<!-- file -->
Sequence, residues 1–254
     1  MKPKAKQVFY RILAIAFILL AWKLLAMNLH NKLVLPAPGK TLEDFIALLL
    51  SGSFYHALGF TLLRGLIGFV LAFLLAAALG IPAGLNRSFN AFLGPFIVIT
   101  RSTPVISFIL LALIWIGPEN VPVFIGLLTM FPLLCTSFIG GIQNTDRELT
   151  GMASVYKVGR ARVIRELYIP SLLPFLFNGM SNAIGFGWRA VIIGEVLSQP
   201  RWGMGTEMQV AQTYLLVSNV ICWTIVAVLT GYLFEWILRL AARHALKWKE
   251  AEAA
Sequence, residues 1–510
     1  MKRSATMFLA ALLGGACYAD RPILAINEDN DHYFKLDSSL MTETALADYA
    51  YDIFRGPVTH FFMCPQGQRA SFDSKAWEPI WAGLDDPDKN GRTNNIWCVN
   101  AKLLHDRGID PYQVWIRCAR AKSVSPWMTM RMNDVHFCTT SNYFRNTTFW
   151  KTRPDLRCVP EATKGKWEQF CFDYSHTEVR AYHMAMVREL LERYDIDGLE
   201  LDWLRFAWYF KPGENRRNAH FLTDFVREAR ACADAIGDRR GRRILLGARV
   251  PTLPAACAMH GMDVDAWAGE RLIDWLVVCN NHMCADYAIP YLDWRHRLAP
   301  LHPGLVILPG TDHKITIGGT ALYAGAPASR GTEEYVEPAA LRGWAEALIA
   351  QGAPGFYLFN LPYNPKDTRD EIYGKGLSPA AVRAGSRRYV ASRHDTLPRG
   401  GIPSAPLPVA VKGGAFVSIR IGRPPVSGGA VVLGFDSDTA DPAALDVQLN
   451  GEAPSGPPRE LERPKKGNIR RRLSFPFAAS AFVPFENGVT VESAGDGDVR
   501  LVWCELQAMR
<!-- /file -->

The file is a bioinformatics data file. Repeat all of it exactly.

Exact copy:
Sequence, residues 1–254
     1  MKPKAKQVFY RILAIAFILL AWKLLAMNLH NKLVLPAPGK TLEDFIALLL
    51  SGSFYHALGF TLLRGLIGFV LAFLLAAALG IPAGLNRSFN AFLGPFIVIT
   101  RSTPVISFIL LALIWIGPEN VPVFIGLLTM FPLLCTSFIG GIQNTDRELT
   151  GMASVYKVGR ARVIRELYIP SLLPFLFNGM SNAIGFGWRA VIIGEVLSQP
   201  RWGMGTEMQV AQTYLLVSNV ICWTIVAVLT GYLFEWILRL AARHALKWKE
   251  AEAA
Sequence, residues 1–510
     1  MKRSATMFLA ALLGGACYAD RPILAINEDN DHYFKLDSSL MTETALADYA
    51  YDIFRGPVTH FFMCPQGQRA SFDSKAWEPI WAGLDDPDKN GRTNNIWCVN
   101  AKLLHDRGID PYQVWIRCAR AKSVSPWMTM RMNDVHFCTT SNYFRNTTFW
   151  KTRPDLRCVP EATKGKWEQF CFDYSHTEVR AYHMAMVREL LERYDIDGLE
   201  LDWLRFAWYF KPGENRRNAH FLTDFVREAR ACADAIGDRR GRRILLGARV
   251  PTLPAACAMH GMDVDAWAGE RLIDWLVVCN NHMCADYAIP YLDWRHRLAP
   301  LHPGLVILPG TDHKITIGGT ALYAGAPASR GTEEYVEPAA LRGWAEALIA
   351  QGAPGFYLFN LPYNPKDTRD EIYGKGLSPA AVRAGSRRYV ASRHDTLPRG
   401  GIPSAPLPVA VKGGAFVSIR IGRPPVSGGA VVLGFDSDTA DPAALDVQLN
   451  GEAPSGPPRE LERPKKGNIR RRLSFPFAAS AFVPFENGVT VESAGDGDVR
   501  LVWCELQAMR